Associate Professor of Psychology
Office: D237 Science Building
Ph.D. - Louisiana State University
M.A. - Louisiana State University
B.S. - Louisiana State University
PSYC 110 - Introduction to Psychology
PSYC 200 - Research Methods in Psychology
PSYC 320 - Social Psychology
PSYC 331 - Cognitive Psychology
PSYC 490 - Seminar: Memory in Natural Contexts
For the last several years, my research
interests have focused on two areas: memory and psychology and law. My psychology and law work centers around the
effects of evidence on jurors’ decisions (e.g., how do grisly images of death
affect jurors’ likelihood of convicting a defendant). My memory research focuses on why we tend to
remember things that are unusual. Besides
these two research areas, I have recently started getting involved in research
on persuasion and environmentally-sustainable behavior (bicycling). Students
can get involved in my research at various levels, from entry-level work (data
entry, photocopying, reading research articles, running subjects) to more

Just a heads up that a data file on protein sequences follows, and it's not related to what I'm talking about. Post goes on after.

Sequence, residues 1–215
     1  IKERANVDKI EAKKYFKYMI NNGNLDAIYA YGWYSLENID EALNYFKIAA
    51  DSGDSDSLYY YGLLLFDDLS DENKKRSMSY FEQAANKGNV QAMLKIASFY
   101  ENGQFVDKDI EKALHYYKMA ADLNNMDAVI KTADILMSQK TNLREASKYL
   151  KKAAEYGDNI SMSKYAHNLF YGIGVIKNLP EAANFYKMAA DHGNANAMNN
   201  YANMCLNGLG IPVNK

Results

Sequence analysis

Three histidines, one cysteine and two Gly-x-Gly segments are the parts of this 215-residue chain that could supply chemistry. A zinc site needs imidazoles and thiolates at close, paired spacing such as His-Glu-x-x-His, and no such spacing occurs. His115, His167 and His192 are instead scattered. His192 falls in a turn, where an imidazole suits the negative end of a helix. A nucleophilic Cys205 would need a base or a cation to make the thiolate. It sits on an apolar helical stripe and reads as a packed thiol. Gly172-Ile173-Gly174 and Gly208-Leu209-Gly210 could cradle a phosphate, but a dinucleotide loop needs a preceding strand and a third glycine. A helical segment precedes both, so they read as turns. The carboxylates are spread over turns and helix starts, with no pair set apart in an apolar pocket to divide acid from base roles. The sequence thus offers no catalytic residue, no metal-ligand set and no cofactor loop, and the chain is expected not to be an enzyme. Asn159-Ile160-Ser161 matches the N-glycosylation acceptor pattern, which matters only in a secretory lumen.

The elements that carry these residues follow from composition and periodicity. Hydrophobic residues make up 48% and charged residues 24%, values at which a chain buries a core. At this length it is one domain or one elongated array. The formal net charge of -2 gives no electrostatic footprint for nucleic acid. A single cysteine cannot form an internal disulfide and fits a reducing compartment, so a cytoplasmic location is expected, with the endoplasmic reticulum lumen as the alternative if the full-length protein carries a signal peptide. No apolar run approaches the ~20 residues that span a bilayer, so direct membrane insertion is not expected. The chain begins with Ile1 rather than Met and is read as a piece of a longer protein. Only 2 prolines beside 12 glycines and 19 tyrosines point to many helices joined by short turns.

advanced-level work (developing experimental materials, analyzing data,
developing research ideas, writing and presenting research results at
Nemeth, R. J. (2011).
Enhanced persuasion in the courtroom:
Visually-dynamic demonstrative evidence and juror decision-making. In R.
L. Wiener & B. H. Bornstein (Eds.), Handbook
of Trial Consulting: A Psychological Perspective. New York: Springer.
Nemeth, R. J., & Belli, R. F. (2006). The influence of
schematic knowledge on contradictory versus additive misinformation: False
memory for typical and atypical items. Applied
Cognitive Psychology, 20, 563-573.
Bornstein, B. H.,
Miller, M. K., Nemeth, R. J., Page,
G. L., & Musil, S. (2005). Juror reactions to jury duty: Perceptions of the
system and potential stressors. Behavioral
Sciences and the Law, 23, 321-346.
Bornstein, B. H., Whisenhunt, B. L., Nemeth, R. J., & Dunaway, D. L. (2002). Pretrial publicity and
civil cases: A two-way street? Law and Human Behavior, 26, 3-17.